Zuma’s freeFROM flow baikingu brunch is inclusiv e of free-flo a popular w Ruin Champagn art e choice for families and the Japanese food on offer includes endless mountains of sushi, sashimi, tempura and salads. The little ones can enjoy a well-thoughtout kid’s menu including specially designed chicken udon noodles. Central. zumarestaurant.com.hk

Indulge in a champagnefuelled brunch with a side of live jazz at this sleek Japanese izakaya. Kick off with unlimited seafood, tempura and yakitori at the buffet table, From followed by a choice of + various free-flow options main and from $200 the signature dessert platter. Central. silencio.hk

$688

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$458


brunches bubbles are on offer every Sunday. West Kowloon. w-hongkong.com/kitchen.hk

Hue

Kitchen, W Hong Kong Head to the trendy five-star hotel for a classic spread including salads, seafood, pasta, pizza, sushi, a carvery and huge dessert selection.

Saturday is family day, with one child (4 to11 years old) eating free with every paying inclusiv adult; free-flo e of w Veu Clicquo ve t while Champagn e free-flow

$980

Nestled inside the revamped Hong Kong Museum of Art, this modern Australian restaurant offers a fabulous three-course brunch including sharing dishes, main and dessert. Soak in $380 + unparalleled $250 harbour free-flo w Tait views Champagntinger e through their floorto-ceiling windows with a glass of Taittinger champagne in hand. huedining.com.hk

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BEDU

La Vache!

For a healthier take on brunch, this cosy Middle Eastern restaurant offers plenty of vegetarian options and the friendly staff are more than willing to adjust meals for vegan diners. There’s a fine À la carte selection of + various free-flow Lebanese options from $195 wines and some exotic signature cocktails. Sheung Wan. bedurestaurant.com

Serving up unlimited steak and fries washed down with free-flow bubbles, it’s hard not to get your groove on at Le Disco Brunch at La

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Vache! Held on the first Sunday of every month, make sure you book in early so you don’t miss out. Central. lavache.com.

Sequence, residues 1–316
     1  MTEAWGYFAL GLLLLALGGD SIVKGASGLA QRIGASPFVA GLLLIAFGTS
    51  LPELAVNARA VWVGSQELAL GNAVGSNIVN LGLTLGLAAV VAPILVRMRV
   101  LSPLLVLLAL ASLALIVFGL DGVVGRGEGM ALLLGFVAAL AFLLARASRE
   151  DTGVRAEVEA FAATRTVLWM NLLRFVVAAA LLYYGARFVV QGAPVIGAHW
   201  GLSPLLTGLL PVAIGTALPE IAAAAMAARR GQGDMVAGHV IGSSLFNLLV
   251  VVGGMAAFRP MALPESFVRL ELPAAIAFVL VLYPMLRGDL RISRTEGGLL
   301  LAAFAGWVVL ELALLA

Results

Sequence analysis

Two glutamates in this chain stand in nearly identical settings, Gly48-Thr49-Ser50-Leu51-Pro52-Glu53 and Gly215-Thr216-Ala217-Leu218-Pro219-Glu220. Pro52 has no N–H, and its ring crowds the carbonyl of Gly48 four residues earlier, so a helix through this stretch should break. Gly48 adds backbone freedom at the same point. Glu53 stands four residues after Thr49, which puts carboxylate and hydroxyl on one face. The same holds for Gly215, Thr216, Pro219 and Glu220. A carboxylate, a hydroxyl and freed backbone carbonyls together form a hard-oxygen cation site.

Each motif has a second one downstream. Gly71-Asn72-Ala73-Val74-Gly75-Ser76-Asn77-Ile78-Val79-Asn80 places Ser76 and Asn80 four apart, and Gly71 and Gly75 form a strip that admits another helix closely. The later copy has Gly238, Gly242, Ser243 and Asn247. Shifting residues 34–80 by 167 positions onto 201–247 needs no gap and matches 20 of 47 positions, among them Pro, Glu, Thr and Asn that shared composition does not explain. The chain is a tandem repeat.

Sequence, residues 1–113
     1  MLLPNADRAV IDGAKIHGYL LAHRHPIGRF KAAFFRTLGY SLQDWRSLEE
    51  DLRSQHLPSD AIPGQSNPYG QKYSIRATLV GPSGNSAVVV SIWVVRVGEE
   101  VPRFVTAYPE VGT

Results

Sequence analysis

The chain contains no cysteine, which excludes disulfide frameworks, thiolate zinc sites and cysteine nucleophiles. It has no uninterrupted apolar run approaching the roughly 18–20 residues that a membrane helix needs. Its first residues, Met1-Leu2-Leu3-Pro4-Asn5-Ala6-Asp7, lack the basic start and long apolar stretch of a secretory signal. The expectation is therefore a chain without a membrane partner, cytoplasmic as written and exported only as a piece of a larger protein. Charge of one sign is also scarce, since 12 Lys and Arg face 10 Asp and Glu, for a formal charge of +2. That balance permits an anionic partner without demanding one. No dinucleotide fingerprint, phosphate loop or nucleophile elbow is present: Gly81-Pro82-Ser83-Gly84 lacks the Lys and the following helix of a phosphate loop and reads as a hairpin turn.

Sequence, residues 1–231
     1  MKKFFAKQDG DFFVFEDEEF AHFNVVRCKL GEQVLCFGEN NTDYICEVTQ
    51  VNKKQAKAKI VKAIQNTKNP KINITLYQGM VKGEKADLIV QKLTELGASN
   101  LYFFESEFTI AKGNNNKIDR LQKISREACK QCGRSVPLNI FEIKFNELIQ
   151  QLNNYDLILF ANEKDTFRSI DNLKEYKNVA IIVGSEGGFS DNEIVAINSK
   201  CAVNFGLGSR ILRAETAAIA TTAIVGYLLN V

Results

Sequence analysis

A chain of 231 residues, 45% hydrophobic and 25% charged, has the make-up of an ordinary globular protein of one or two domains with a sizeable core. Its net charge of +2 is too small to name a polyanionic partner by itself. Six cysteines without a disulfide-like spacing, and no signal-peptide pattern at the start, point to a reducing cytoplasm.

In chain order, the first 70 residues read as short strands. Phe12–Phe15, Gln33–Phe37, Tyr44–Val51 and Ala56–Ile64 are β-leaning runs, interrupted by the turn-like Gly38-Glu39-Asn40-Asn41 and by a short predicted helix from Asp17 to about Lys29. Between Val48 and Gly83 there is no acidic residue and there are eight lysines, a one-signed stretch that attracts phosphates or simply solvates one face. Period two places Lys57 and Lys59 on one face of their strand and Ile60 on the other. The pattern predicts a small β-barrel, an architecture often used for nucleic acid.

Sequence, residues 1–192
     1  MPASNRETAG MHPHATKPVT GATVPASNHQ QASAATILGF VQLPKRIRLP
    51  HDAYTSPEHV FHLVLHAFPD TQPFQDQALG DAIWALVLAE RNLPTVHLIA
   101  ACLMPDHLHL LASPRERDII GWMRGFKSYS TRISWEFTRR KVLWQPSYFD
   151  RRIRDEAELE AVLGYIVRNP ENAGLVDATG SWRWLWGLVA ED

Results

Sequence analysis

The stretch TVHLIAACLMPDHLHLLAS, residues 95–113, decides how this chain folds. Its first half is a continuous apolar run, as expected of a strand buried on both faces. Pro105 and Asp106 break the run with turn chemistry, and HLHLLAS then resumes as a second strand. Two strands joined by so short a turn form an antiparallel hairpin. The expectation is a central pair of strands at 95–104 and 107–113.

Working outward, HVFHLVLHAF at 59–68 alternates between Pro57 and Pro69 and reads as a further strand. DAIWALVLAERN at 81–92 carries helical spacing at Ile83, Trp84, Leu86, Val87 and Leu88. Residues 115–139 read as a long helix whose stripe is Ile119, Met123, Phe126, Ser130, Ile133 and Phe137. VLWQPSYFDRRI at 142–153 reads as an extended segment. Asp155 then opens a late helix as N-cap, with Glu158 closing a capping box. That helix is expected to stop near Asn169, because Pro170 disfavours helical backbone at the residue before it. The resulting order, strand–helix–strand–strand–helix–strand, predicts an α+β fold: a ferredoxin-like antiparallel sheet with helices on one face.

FROM

$588

includin g free flow


brunches Lobster Bar and Grill, Island Shangri-La Hosted every Sunday, Shangri-La’s spectacular Sunday roast is a hidden pearl. Guests are invited to dive into a decadent three-course of sive feast featuring inclu w Bloody o l f e fre lobster bisque, Mary roast beef with trimmings and three desserts to choose from. Central. shangri-la.com

$598

$628

Statement

inclusiv e of free-flo Veuve Cl w icquot Champagn e

Statement serves up a glorious Britannia Brunch in its beautiful colonialinspired dining room. The highlight is no doubt the roast beef, handcarved tableside from a vintage silver trolley and accompanied by fluffy Yorkshire puddings. Central. statement.com.hk

ThinkWine ThinkWine offers a fun wine-focused approach to Sunday brunch. The three-course brunch includes a + var charcuterie board, free-flo ious w opti Mediterranean from $29 ons 0 quiche and dessert tart, accompanied by free-flow wine. Central. thinkwinehk.com

$290

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Richard Ekkebus, Culinary Director of The Landmark Mandarin Oriental

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fine dining

FINE DINING Luxurious meals worth splurging on Hong Kong Living Guide 2020 123


to Saturday. Reservations required. marriott.com

Amber, The Landmark Mandarin Oriental

L’Envol’s dining room

Helmed by chef Richard Ekkebus, the progressive restaurant has been awarded two-Michelin stars for 12 consecutive years. Reopened earlier last year, the new Amber has moved towards a healthier and more sustainable approach, with dishes crafted without any dairy products. Central. mandarinoriental.com

Écriture

L’Envol’s kitchen

Roganic British celebrity chef Simon Rogan brings a refined farmto-table dining experience to the heart of urban Hong Kong. Just like their sister restaurant in London, the Hong Kong outpost showcases produce from local farms with a member of staff whose sole job is to source high-quality local supplies. Causeway Bay. roganic.com.hk

Regis Hong Kong. Innovative French dishes rotate on a seasonal basis with a range of curated lunch and dinner menus are available. Open for lunch and dinner Wednesday

Two-star Michelin restaurant Écriture features French cuisine created with exceptional Japanese produce by Executive Chef Maxime Gilbert. A surrounding view from The Peak to Victoria Harbour accompanies diners whilst they savour on finely executed delicacies. Central. lecomptoir.hk/ecriture

L’Envol, St. Regis Helmed by Michelin-starred Chef Olivier Elzer, formerly of Seasons by Olivier E and L’Atelier de Joel Robuchon, L’Envol offers the finest of dining experiences at St.

Amber


fine dining Belon Located in a pared-down Soho space, the one Michelinstarred neo-Parisian bistro showcases French cooking with a local influence, reminiscent of the dynamic food scene found in Paris’ 11th arrondissement. Central. belonsoho.com

Tate Dining Room Chef Vicky Lau’s one Michelin-starred Tate Dining Room offers an avant-garde menu that marries influences from French and Chinese cuisines. Having come from a background of graphic design, Lau went on to pursue culinary arts at Le Cordon Bleu before combining her design and culinary talents to start her own restaurant in 2012. Central. tate.com.hk Écriture

VEA Restaurant & Lounge VEA is helmed by Chef

Vicky Cheng, providing a unique Hong Kong-style approach to fine dining